UTEP Students and Faculty Form Delegation to the UN Women's 14th Feminist Conference
Lopa Banerjee, Chief of the Civil Society Section, UN Women and Ines Esteban Gonzalez, Partnership Analyst, UN Women, participated in the 100 Years of Women Conference on the UTEP campus in April 2017. Ms. Banerjee and Ms. Gonzalez’s visit included a series of meeting with students, leaders and community partners. Ms. Banerjee was a keynote presenter in the Women’s Conference. An interview with her, conducted by University Communications, is available at https://www.utep.edu/chs/sw/.
During their visit, Ms. Banerjee approached Drs. Guillermina Nuñez-Mchiri, director of the Women’s and Gender Studies Program, and Dr. Eva M. Moy, chair of the Department of Social Work, regarding the creation of a delegation of UTEP students and faculty to participate in the 14th Feminist Conference of Latin America and the Caribbean (EFLAC), held in Montevideo, Uruguay on November 23-25, 2017. EFLAC is a venue where community, academic and policy leaders convene to strategize about how to advance the gender quality agenda in the region and globally.
Drs. Moya and Nuñez-Mchiri worked with Ms. Esteban Gonzalez to identify students to complete the delegation. From the list of nominees, four students were selected to participate, including: Julissa E. Corona, Master of Social Work major; Patricia O. Carrete, Bachelor of Science in Nursing major; Liliana B. Gomez, Bachelor of Women’s Studies and Linguistics major; and Yvette Belinda Diaz, Master of Sociology major. This invitation represented a once-in-a-lifetime opportunity for faculty and students to participate in a gathering of more than 2000 feminists from Latin American and the Caribbean.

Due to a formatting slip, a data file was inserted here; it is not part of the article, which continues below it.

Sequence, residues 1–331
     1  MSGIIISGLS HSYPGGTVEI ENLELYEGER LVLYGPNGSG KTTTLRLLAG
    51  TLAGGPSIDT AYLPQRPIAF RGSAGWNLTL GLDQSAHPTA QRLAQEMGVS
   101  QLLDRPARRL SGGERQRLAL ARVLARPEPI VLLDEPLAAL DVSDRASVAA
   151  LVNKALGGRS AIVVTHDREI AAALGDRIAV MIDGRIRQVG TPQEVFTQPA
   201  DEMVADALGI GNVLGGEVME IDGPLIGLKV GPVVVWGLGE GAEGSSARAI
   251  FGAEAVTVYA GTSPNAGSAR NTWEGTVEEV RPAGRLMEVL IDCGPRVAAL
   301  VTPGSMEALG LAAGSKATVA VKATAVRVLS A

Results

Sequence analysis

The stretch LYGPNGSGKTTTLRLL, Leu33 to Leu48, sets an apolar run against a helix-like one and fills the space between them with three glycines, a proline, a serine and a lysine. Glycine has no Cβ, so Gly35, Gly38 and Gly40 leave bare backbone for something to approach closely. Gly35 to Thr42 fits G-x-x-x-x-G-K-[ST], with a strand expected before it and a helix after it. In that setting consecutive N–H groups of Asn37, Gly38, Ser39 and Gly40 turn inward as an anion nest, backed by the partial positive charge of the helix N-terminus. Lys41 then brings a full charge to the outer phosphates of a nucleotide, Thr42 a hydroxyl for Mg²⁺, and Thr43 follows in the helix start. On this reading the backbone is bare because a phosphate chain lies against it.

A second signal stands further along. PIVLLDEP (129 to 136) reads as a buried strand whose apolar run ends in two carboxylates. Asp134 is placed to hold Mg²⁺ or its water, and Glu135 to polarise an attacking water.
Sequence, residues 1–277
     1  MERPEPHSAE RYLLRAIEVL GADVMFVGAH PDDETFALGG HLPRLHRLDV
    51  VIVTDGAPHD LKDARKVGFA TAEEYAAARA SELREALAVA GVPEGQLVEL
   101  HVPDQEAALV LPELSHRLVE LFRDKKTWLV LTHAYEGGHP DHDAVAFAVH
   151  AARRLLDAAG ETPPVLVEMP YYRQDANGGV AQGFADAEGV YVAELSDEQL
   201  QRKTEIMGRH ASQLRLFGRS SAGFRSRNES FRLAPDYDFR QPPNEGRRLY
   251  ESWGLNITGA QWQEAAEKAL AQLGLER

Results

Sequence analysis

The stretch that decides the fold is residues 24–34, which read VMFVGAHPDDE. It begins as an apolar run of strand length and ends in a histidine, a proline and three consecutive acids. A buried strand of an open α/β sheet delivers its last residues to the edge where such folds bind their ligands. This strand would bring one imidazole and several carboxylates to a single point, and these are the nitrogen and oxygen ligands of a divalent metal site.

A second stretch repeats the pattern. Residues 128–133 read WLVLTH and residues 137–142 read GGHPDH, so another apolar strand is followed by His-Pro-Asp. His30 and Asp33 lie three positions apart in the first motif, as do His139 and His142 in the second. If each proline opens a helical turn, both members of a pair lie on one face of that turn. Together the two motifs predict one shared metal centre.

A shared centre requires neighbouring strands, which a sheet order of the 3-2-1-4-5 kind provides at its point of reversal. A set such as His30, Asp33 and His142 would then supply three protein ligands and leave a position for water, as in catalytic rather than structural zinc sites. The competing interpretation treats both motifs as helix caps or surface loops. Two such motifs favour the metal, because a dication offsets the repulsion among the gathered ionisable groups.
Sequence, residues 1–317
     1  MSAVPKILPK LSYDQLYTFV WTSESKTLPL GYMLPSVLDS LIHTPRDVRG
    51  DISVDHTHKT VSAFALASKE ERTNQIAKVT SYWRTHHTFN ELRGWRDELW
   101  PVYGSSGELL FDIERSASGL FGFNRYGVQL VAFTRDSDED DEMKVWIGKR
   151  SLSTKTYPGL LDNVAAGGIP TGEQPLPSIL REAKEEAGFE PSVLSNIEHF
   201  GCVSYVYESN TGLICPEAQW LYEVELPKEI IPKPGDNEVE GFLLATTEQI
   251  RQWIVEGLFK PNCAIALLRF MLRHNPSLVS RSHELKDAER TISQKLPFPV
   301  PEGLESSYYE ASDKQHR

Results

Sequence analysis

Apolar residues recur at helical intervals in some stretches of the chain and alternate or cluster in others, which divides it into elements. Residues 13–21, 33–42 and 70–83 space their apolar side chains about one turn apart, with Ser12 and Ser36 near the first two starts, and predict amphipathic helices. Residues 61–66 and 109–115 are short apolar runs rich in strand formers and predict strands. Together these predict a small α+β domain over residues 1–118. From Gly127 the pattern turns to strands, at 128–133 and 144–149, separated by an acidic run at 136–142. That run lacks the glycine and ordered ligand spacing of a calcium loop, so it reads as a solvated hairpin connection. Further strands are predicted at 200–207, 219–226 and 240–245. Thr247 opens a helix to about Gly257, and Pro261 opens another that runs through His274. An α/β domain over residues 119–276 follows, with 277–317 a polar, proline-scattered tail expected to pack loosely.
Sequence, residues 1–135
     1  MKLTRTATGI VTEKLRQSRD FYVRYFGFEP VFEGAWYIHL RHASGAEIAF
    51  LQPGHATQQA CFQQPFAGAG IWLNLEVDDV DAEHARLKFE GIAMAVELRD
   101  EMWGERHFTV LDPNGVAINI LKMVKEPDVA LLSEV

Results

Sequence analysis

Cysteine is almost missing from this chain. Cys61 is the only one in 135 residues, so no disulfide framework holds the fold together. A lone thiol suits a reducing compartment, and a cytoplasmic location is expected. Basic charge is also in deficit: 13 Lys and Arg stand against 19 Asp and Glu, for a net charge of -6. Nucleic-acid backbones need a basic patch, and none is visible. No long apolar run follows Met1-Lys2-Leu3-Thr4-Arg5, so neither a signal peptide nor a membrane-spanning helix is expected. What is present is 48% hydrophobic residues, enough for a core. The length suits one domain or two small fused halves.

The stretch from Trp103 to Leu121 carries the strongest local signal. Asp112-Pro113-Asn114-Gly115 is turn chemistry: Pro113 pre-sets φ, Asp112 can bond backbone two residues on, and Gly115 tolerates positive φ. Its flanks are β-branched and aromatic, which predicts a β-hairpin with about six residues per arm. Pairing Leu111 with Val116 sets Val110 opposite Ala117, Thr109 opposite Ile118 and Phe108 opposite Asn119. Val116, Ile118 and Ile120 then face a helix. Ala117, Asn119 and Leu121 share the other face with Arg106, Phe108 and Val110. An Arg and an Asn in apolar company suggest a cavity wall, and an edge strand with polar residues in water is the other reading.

UTEP and UN Women provided partial travel support for the delegation. These partial scholarships were instrumental in leveraging additional financial support from several UTEP administrators, including President Diana Natalicio; Dr. Shafik Dharamsi, Dean of the College of Health Sciences; Dr. Elias Provencio-Vasquez, Dean of the School of Nursing; Dr. Stephen L. Crites, Interim Dean of the College of Liberal Arts; Dr. Guillermina Nuñez-Mchiri, Director of the Women’s and Gender Studies Program; and the UTEP Student Government Association. The initiative also received support from other UTEP faculty members and private donors.